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The best Maryland players and coaches of 2018-19

Vote for the Testudo Times Awards!

NCAA Soccer: DI Men’s College Cup-Maryland vs Akron Kelvin Kuo-USA TODAY Sports

We’ve reached the middle of the Maryland sports offseason, and we’re well into a couple different summer series. But for a little extra closure on a crazy athletic year, let’s look at some of the best players and coaches to wear the red, white, black and gold in 2018-19. Next week, we’ll look at some of the best games and moments from around the Terps world.

Consider this our own version of this week’s ESPYs; we’ll be boring and call them the Testudo Times Awards unless someone comes up with a better name in the comments. Congrats to all our nominees, and happy voting!

(Note: these polls are stripped out on Google AMP and Apple News, but will show up if you open this in any browser.)

Best Male Athlete

Jared Bernhardt (lacrosse, attack) became the fourth Maryland men’s player to receive a Tewaaraton Award nomination after a historic offensive season. The junior poured in 51 goals and 78 points, the second- and sixth-highest single-season totals in Terps history. Bernhardt recorded 11 hat tricks in 17 games, highlighted by a five-goal, eight-point performance against Michigan. And he delivered the heroics in the NCAA Tournament, scoring the game-tying goal in the final seconds of regulation as Maryland came back to defeat Towson.

Bruno Fernando (basketball, center) made the most of his decision to return to school for his sophomore season, averaging 13.6 points and 10.6 rebounds en route to a First Team All-Big Ten selection. He was a force inside, shooting 60.7 percent from the floor and averaging 1.9 blocks on the other end. Fernando declared for the NBA Draft and was selected 34th overall, ending up with the Atlanta Hawks via trade. The Terps will have to replace his production, but his outward passion for Maryland might be missed above all else.

Donovan Pines (soccer, defender) emerged as one of the best defenders in the nation during his junior campaign, anchoring a back line that didn’t concede a goal during the season’s final 500 minutes. After the College Cup, Pines earned United Soccer Coaches Second Team All-American and Top Drawer Soccer Best XI honors. Pines also chipped in two goals and two assists on the offensive end.

Dayne St. Clair (soccer, goalie) joined Pines as the other centerpiece of Maryland’s championship defense, saving 83.3 percent of shots he faced and notching five NCAA Tournament shutouts. St. Clair played every minute in goal for the Terps during the season, and with him turning pro after the championship run, he’s left big shoes to fill.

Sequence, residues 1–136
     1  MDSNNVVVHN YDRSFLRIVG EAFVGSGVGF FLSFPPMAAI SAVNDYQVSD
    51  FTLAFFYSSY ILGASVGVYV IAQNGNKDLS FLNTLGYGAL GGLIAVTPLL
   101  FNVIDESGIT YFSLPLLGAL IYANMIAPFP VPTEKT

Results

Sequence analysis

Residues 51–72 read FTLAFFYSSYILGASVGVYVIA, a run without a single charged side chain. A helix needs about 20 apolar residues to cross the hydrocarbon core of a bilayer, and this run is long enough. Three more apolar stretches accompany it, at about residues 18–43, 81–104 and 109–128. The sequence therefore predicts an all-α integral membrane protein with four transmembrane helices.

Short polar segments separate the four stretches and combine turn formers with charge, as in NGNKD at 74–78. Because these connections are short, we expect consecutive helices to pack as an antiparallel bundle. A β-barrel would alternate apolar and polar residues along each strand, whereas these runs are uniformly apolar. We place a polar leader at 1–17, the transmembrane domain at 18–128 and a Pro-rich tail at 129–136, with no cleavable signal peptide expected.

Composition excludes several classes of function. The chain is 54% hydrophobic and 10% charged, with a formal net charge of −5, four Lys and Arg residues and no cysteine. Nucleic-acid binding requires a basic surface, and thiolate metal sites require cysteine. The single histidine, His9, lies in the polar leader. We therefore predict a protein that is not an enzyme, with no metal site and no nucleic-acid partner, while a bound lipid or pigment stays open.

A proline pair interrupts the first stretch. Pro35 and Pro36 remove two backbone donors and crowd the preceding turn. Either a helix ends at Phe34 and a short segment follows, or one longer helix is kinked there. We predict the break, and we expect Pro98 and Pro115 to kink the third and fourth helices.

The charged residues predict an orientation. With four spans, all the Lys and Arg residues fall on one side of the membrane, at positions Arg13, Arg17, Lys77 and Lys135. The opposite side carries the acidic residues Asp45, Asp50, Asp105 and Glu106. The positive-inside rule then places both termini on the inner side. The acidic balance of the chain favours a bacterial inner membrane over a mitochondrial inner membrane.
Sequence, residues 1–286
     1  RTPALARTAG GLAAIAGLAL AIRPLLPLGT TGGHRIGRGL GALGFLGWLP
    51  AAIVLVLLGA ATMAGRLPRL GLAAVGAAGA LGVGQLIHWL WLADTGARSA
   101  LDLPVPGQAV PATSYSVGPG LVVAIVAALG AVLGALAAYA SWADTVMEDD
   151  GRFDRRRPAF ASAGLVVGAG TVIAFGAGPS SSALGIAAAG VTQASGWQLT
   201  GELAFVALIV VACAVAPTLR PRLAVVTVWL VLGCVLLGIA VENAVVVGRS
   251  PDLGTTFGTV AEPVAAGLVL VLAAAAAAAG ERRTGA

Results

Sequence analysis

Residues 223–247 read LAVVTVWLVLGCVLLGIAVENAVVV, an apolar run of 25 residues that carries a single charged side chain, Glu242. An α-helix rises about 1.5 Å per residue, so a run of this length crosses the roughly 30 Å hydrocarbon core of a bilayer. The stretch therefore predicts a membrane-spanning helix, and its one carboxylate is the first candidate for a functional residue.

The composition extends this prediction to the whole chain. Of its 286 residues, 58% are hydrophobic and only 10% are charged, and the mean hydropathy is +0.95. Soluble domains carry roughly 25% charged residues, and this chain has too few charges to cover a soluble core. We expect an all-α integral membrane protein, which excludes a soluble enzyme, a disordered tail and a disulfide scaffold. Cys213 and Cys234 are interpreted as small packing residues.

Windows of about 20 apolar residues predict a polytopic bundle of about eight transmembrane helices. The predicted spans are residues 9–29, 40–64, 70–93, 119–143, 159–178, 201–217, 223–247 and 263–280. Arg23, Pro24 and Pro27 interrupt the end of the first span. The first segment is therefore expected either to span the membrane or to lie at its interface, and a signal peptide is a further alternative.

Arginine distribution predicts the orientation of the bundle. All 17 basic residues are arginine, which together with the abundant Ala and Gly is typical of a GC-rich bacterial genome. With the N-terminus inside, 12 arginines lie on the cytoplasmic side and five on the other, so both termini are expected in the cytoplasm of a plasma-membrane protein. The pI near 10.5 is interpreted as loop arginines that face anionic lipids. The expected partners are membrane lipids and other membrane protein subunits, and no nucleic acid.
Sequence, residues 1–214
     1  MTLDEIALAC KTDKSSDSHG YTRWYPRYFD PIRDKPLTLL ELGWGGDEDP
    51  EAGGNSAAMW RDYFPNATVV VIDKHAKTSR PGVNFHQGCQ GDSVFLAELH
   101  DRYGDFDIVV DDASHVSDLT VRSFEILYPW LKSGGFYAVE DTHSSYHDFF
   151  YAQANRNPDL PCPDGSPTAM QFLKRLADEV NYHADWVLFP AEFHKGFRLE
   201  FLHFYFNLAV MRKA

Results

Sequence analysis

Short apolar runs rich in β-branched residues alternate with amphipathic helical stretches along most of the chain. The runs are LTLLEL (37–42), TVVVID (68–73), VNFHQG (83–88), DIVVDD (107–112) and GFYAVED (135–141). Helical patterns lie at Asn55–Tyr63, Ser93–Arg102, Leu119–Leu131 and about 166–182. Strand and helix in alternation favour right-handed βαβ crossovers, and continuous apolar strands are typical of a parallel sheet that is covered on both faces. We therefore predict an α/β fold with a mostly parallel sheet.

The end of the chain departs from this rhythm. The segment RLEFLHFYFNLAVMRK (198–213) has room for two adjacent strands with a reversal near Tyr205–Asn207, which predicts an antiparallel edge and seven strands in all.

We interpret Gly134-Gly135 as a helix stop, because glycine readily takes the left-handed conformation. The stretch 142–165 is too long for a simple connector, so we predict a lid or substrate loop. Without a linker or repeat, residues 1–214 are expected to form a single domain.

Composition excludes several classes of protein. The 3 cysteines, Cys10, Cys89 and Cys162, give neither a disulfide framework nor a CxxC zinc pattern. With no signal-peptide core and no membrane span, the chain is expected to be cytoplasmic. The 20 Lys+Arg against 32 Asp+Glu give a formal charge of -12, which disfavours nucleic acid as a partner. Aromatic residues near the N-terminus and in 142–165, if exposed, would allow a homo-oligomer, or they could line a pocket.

Greg Thompson (track/field, discus) was one of the nation’s top discus throwers all season, winning eight of the 11 events he competed in. His 65.56-meter throw at the Penn Relays was the longest by anyone in the country all season, an event record and a new school record. Thompson’s senior year finished on a sour note, as he finished 11th at NCAA nationals, but he also picked up Maryland’s first-ever male Big Ten championship in track and field.

Tre Watson (football, linebacker) became an instant leader on Maryland’s defense after coming from Illinois as a graduate transfer. He tallied 114 total tackles (70 solo) and a Big Ten-high five interceptions, running one back for a touchdown. Watson wasn’t drafted in April, but he’ll get his professional chance with the Miami Dolphins.


Vote for the best Maryland male athlete of 2018-19

This poll is closed

  • 19%
    Jared Bernhardt
    (102 votes)
  • 34%
    Bruno Fernando
    (184 votes)
  • 20%
    Donovan Pines
    (111 votes)
  • 14%
    Dayne St. Clair
    (78 votes)
  • 4%
    Greg Thompson
    (25 votes)
  • 4%
    Tre Watson
    (25 votes)
  • 1%
    (7 votes)
532 votes total Vote Now

Best Female Athlete

Kaila Charles (basketball, guard/forward) led Maryland to a Big Ten regular-season title, averaging 17 points, 6.7 rebounds and 2.3 assists for the season. For the second straight year, she was an all-conference first-team selection and an All-American honorable mention. Charles shined in the Big Ten title game, dropping 36 points and nine rebounds against Iowa.

Jen Giles (lacrosse, midfield) captained the national champions and posted a dominant senior season. She led the Terps with 82 points (59 goals, 23 assists) and chipped in 37 ground balls, 25 draw controls and 14 caused turnovers. Giles was named a Tewaaraton Award finalist before the postseason, then backed it up by scoring Maryland’s last two goals in the final against Boston College.

Linnea Gonzales (field hockey, forward) closed her career on a high note, winning NFHCA National Player of the Year and Big Ten Player of the Year. Gonzales tallied 14 goals and five assists in 25 starts, leading the Terps to conference regular-season and tournament titles (winning tournament MVP along the way).

Virunpat Olankitkunchai (golf) became the first Maryland women’s golfer to reach NCAA nationals as an individual. The sophomore earned that spot by finishing tied for third at the Auburn Regional, which followed a T-5 at the Big Ten tournament. Olankitkunchai recorded seven top-six results in 13 events — including three runner-up finishes — and her scoring average of 72.81 was best on the team by nearly a full stroke.